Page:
The RMS Titanic is unarguably the most famous maritime disaster of all time, but there are many others since it sank some 100 years ago.
SS Kiangya (China) – The Kiangya was a passenger steamship that blew up and sank in the mouth of the Huangpu River 50 mi (80 km) south of Shanghai on 4 December 1948. The suspected cause of the explosion was the Kiangya hitting a mine left behind by the Imperial Japanese Navy during World War II. The exact death toll is unknown, however, it is thought that between 2,750 and 3,920 died with 700-1,000 survivors being picked up by other vessels.
SS Mont-Blanc and the Halifax Explosion (Canada) – On 6 December 1917, the city of Halifax, Nova Scotia Canada, was devastated by the huge detonation of the French cargo ship Mont-Blanc, which was fully loaded with wartime explosives, after a collision with the Norwegian ship Imo. The collision happened in “The Narrows” section of Halifax Harbour. About 2,000 people were killed by falling debris, fires or collapsing buildings, over 9,000 people were injured, particularly by flying glass. This explosion is still ranked as the largest accidental explosion of conventional weapons to date.
The SS Sultana was a steamboat that exploded and sank on April 27, 1865, in the greatest maritime disaster in U.S. history. Up to 1,800 of the 2,400 passengers died. Three of the Sultana’s boilers exploded when the overloaded ship was on the Mississippi River near Memphis, Tennessee. Many of the victims were Union soldiers who had been injured or imprisoned during the Civil War.
Tek Sing (China) A junk struck a reef near Indonesia and sank on 6 February 1822, leaving an estimated 1,600 dead.
The Scilly naval disaster of 1707 (Great Britain) – On the night of 22 October 1707, a Royal Navy fleet on their way from Gibraltar to Portsmouth sailed through dangerous reefs west of the Isles of Scilly. Four ships (HMS Association, HMS Eagle, HMS Romney and HMS Firebrand) sank. The exact number of sailors killed is unknown. Statements vary between 1,400 and over 2,000. It was later determined that the main cause of the disaster was the navigators‘ inability to calculate their longitude accurately.
Toya Maru (Japan) -A Japanese passenger ferry that sank during Typhoon Marie in the Tsugaru Strait between the Japanese islands of Hokkaidō and Honshū on 26 September 1954. It is said that 1,153 people aboard were killed in the accident. However, the exact number of fatalities remains unknown because some victims managed to get on board the ship unticketed and others cancelled their passage just before the incident.
RMS Empress of Ireland (Canada) – On 29 May 1914, the Empress of Ireland sank after colliding with SS Storstad on the Saint Lawrence River claiming 1,012 lives.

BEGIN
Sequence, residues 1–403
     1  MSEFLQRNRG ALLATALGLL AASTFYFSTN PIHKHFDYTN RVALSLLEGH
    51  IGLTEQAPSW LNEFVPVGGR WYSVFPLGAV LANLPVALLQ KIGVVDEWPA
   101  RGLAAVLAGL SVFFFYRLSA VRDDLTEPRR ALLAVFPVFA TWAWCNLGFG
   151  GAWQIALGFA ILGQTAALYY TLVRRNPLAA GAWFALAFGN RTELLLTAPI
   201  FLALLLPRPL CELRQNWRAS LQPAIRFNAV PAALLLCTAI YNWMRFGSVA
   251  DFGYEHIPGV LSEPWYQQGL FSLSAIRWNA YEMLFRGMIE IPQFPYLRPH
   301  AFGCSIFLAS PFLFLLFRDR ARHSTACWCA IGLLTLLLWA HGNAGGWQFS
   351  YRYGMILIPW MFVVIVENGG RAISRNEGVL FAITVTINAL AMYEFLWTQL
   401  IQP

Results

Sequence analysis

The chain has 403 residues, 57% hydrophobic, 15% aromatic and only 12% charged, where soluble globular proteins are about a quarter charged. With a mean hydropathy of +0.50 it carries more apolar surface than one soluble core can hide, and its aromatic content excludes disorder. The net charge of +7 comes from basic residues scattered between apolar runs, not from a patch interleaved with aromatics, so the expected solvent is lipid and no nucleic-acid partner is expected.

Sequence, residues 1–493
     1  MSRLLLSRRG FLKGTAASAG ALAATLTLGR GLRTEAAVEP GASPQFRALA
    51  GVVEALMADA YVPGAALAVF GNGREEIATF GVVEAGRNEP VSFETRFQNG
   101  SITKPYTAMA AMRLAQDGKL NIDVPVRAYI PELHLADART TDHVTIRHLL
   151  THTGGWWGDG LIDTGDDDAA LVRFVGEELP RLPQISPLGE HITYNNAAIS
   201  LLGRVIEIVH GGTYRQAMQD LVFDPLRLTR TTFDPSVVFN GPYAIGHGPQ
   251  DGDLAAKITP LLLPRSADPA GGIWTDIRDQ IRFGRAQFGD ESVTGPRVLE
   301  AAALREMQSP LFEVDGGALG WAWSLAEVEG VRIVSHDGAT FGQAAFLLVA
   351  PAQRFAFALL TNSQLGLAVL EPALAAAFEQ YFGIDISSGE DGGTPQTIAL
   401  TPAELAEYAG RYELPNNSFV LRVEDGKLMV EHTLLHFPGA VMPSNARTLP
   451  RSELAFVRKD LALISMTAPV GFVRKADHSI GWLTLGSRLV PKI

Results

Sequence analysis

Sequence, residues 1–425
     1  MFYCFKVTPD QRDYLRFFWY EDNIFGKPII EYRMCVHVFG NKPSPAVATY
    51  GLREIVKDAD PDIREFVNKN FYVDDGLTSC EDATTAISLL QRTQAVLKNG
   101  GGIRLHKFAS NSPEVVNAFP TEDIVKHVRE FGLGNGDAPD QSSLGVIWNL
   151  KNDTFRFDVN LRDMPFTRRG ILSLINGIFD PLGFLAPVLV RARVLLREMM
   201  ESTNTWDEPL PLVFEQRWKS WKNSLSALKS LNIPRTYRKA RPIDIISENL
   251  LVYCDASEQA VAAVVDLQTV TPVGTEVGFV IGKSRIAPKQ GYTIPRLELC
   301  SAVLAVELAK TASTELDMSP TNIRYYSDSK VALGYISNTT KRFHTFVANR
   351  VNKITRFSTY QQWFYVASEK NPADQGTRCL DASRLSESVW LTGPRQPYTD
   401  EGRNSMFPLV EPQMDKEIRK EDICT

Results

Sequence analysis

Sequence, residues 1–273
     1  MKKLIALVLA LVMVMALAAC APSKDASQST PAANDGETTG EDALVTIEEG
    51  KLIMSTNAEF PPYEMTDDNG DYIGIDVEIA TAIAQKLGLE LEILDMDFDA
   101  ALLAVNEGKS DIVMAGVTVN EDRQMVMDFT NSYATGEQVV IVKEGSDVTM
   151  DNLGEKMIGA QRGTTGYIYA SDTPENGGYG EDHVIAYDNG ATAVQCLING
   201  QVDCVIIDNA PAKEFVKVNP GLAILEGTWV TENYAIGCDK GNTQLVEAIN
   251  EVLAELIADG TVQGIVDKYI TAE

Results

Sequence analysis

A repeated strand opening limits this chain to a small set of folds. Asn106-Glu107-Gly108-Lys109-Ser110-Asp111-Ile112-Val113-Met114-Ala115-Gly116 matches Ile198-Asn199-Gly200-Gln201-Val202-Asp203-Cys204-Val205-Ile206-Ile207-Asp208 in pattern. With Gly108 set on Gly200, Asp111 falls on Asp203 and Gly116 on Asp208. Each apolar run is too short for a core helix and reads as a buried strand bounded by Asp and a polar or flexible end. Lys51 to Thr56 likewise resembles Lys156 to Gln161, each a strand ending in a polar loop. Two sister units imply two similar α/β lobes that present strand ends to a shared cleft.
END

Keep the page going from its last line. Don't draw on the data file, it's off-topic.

Al Salam Boccaccio 98 (Egypt) – On 3 February 2006, the ro-ro passenger ferry Al Salam Boccaccio 98 sank in the Red Sea en route from Duba, Saudi Arabia, to Safaga in southern Egypt. The ship was carrying 1,312 passengers and 96 crew members at the time of the disaster. Only 388 persons were saved and over 1,000 were lost.
SS General Slocum (United States) – The General Slocum caught fire and sank in New York‘s East River on 15 June 1904. More than 1,000 people died in the accident.
SS Kiche Maru (Japan) – Sank during a typhoon in the Pacific Ocean 22 September 1912. It is estimated that more than 1,000 persons lost their lives.
SS Hong Moh (Singapore) – On 3 March 1921, the Hong Moh struck the White Rocks on Lamock Island near Swatow (Shantou) on the southern coast of China. She broke in two and sank with the loss of about 1,000 lives out of the 1,100 aboard.
MS Estonia (Estonia) – The MS Estonia sank in heavy seas on 28 September 1994. An investigation claimed that the failure of the bow visor door allowed water from the Baltic Sea to enter the ship. The accident claimed 852 lives. Only 137 survived.
SS Eastland (United States) – On 24 July 1915, while moored to the dock in the Chicago River, the capacity load of passengers shifted to the river side of the ship causing it to roll over, killing 845 passengers and crew.
HMS Vanguard – (Great Britain) – Just before midnight on 9 July 1917 at Scapa Flow, HMS Vanguard suffered an explosion, probably caused by an unnoticed stokehold fire heating cordite stored against an adjacent bulkhead in one of the two magazines which served the amidships gun turrets “P” and “Q”. She sank almost instantly, killing an estimated 843 men; there were only two survivors.
MV Bukoba (Tanzania) – The overloaded Bukoba sank on 21 May 1996 on Lake Victoria. While the ship’s manifest showed 443 aboard, it is estimated that about 800 people died in the sinking.
HMS Royal George – sank while moored at Portsmouth while the ship was being heeled for repairs on the underside on 29 August 1782 with a full crew and a considerable number of visitors on board. The ship heeled too far and began taking water in the gun ports and sank. More than 800 lives were lost including up to 300 women and 60 children as well as the captain.